FIG. 4 is a side cross-sectional view of a single array element according to a third embodiment according to the invention showing an alternative attachment scheme.
FIG. 5 is a side cross-sectional view of a single array element according to a fourth embodiment according to the invention showing an alternative attachment scheme.
FIG. 6 is a side cross-sectional view of a single array element according to a fifth embodiment according to the invention showing an alternative attachment scheme.
FIG. 7 is a side cross-sectional view of a single array element according to a sixth embodiment according to the invention showing an alternative attachment scheme.
FIG. 8 is a side cross-sectional view of a single array element according to a seventh embodiment according to the invention showing an alternative attachment scheme.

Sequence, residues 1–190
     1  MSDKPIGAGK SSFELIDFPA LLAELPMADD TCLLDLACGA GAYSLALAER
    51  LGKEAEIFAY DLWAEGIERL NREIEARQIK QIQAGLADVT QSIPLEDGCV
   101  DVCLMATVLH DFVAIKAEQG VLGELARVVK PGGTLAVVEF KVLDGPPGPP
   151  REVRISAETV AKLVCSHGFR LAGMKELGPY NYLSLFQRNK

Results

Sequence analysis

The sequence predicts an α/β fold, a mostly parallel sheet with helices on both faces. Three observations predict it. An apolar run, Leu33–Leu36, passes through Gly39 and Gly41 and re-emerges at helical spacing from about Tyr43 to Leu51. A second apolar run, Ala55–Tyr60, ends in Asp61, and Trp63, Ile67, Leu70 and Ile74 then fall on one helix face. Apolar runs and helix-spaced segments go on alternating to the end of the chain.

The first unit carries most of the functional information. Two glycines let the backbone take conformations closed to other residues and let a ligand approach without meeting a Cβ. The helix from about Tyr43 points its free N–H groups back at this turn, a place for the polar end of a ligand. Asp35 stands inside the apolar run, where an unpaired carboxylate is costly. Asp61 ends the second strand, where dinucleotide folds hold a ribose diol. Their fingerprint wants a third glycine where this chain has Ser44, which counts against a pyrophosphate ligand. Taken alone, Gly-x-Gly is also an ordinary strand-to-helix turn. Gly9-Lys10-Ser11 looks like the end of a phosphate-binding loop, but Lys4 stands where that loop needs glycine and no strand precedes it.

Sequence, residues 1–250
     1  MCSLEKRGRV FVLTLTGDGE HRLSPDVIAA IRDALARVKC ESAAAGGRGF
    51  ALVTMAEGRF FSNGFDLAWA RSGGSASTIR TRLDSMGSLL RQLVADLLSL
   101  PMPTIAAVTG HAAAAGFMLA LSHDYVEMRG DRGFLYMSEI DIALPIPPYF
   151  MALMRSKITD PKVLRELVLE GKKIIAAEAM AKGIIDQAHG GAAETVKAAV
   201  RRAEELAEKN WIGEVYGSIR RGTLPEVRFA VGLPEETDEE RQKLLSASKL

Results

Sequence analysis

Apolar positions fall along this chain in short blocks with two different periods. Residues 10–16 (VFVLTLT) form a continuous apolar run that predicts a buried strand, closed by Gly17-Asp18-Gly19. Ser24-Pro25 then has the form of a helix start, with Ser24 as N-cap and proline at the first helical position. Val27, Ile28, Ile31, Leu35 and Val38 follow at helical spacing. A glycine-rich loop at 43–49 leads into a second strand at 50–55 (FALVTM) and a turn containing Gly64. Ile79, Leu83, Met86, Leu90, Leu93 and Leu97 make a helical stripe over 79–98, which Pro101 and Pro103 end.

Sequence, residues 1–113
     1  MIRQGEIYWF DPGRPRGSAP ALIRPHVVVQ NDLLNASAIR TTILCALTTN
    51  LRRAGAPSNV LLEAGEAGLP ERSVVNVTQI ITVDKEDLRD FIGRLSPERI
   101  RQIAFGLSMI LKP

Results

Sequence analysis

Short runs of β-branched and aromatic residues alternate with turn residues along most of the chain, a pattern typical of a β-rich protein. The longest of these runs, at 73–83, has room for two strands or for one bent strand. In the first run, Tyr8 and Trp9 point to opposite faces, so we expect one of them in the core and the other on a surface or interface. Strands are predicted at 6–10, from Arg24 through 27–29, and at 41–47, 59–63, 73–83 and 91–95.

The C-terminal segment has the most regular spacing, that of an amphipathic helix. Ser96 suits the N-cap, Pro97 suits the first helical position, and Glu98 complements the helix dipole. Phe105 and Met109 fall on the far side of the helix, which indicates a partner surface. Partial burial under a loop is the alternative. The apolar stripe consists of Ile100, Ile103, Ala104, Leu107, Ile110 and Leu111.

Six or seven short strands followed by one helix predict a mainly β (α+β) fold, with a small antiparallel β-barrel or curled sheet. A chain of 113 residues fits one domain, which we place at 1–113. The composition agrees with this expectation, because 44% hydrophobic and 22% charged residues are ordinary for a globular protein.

FIG. 9 is a side cross-sectional view of a single array element according to an eighth embodiment according to the invention showing an alternative attachment scheme.
FIG. 10 is a side cross-sectional view of a single array element according to a ninth embodiment according to the invention showing an alternative attachment scheme.